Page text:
A provocative look at how eliminating wheat from our diets can help us lose weight, shrink unsightly bulges, and reverse a broad spectrum of health problems—from acne to diabetes to serious digestive disorders.
Since the introduction of dietary guidelines calling for reduced fat intake in the 1970s, a strange phenomenon has occurred: Americans have steadily, inexorably become heavier, less healthy, and more prone to diabetes than ever before. After putting more than 2,000 of his at-risk patients on a wheat-free regimen and seeing extraordinary results, cardiologist William Davis has come to the disturbing conclusion that it is not fat, not sugar, not our sedentary lifestyle that is causing America’s obesity epidemic—it is wheat. How this once-benign grain—now genetically modified almost beyond recognition and found in virtually every course of every meal—has come to have such a profound and deleterious effect on our collective well-being is one of the great untold health stories of our generation.
In Wheat Belly, Dr. Davis exposes the truth about modern-day wheat, deconstructing its historical role in the human diet and the agricultural evolutions that have created a hybrid grain that has a greater impact on blood sugar levels than pure cane sugar and many of the addictive characteristics of a narcotic. He sheds light on wheat’s connection to weight gain as well as to a host of other adverse effects from diabetes to heart disease to immunologic and neurologic disorders like celiac disease, rheumatoid arthritis, and dementia. Finally, to help listeners dependent on wheat products make the move to a wheat-free diet, he presents a clear-cut action plan packed with food and lifestyle tips, meal plans, and recipes.
Informed by decades of clinical research and backed by case studies of men and women who have experienced life-changing transformations in their health after waving good-bye to wheat, Wheat Belly is an illuminating look at a familiar food as well as an affirmative life plan for regaining health and losing unwanted pounds.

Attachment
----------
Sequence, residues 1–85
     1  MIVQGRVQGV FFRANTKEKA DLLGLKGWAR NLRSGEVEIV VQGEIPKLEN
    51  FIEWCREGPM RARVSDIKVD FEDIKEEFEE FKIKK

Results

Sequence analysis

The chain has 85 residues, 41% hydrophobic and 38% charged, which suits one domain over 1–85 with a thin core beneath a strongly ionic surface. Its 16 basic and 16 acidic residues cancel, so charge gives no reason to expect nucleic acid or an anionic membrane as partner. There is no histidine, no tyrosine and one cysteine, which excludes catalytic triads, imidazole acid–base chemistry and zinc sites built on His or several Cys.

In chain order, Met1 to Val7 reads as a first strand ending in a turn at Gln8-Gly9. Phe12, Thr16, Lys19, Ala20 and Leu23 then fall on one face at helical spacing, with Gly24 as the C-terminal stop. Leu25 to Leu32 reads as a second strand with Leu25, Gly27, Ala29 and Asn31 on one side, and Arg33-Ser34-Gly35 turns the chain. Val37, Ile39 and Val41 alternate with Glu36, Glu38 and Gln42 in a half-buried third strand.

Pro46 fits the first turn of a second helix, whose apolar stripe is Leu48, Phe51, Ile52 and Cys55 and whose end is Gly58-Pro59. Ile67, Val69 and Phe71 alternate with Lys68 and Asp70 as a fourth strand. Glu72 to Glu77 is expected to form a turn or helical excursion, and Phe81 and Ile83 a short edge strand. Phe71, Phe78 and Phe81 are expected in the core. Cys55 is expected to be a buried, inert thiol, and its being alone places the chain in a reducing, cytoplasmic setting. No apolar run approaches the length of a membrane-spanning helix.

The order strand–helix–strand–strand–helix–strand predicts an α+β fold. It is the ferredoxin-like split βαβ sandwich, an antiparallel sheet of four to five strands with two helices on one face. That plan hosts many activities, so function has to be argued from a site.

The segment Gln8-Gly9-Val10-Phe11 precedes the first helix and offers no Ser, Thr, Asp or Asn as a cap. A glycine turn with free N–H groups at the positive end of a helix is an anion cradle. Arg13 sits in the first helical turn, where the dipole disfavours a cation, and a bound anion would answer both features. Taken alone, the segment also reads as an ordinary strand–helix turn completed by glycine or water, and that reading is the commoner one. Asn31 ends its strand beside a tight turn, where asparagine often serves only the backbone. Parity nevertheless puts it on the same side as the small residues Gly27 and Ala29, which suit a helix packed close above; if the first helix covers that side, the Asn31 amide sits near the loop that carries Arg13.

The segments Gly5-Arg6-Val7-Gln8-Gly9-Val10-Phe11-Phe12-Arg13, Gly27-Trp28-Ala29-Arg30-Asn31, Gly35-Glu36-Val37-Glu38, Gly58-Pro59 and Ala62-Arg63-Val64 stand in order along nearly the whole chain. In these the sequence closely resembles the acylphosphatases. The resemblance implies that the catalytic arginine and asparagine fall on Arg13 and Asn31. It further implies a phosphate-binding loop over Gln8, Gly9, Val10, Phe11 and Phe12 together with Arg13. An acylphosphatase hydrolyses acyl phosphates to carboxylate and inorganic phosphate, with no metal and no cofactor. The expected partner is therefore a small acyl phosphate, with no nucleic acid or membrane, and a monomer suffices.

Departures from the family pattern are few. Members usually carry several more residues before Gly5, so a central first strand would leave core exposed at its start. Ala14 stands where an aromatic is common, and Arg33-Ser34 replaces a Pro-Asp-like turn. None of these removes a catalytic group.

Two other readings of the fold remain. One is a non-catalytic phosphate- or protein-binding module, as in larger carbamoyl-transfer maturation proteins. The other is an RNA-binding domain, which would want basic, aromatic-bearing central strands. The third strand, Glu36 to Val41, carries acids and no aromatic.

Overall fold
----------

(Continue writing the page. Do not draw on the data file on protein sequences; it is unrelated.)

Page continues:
PLEASE NOTE: When you purchase this title, the accompanying reference material will be available in your My Library section along with the audio.
©2011 William Davis, MD (P)2011 Blackstone Audio, Inc.
I really recommend this book, this book explain clearly how the wheat impact our body in a way that i understood all the effects, everyone must read it.
William Davis might be right, but he didn't convince me. His theories about wheat are largely consistent with the idea (championed by Gary Taubes and Robert Lustig, among others) that carbohydrates in general are harmful. So perhaps it's not wheat per se that is the problem; it's the high carbohydrate content of wheat products that's the issue.
Another problem with this book is that it's very wordy and repetitive. I got the sense that Davis had to struggle to write enough content to fill a book. I remember one section of the book where he tediously listed many, many examples of wheat-based products that you can find in the supermarket. He went on ad nauseum. Was that really necessary?
My recommendation is to skip the book and wait to see how this all plays out. Perhaps Davis will be proved right, or perhaps he's conflating wheat with carbs.
As an artist busy with my hands and eyes I had to give up reading. Then audio books came into my life and I am back to over 200 books a yr.
I am glad I got the audio version first and may invest in the print version later. I don't think I would have gone ahead and read the whole print version due to the overwhelming amount of scientific and technical information. But in this audio version, I listened to every part as carefully as possible. I am sure when I go through it again I will have more of the important points hit home for me. The reader did an excellent job. His voice is very clear and precise and carries a feeling of being an authority on the subject. Very professional. I am sure if I tried reading the printed copy first I would have struggled trying to pronounce many of the words.
My daughter has been trying to tell me for years that gluten is bad for me. Of course I knew she was knowledgeable about it and was telling me the truth. But the overwhelming scientific evidence presented in this book could not be ignored.
So many of the health effects that were mentioned are health issues that I have and had attributed to my genes. But then he hit on one particular issue that hit home. Dermatitis Herpitiformus is a condition that I only acquired a few years ago. It is an annoying condition. I have had psoriasis for many years and just accepted it.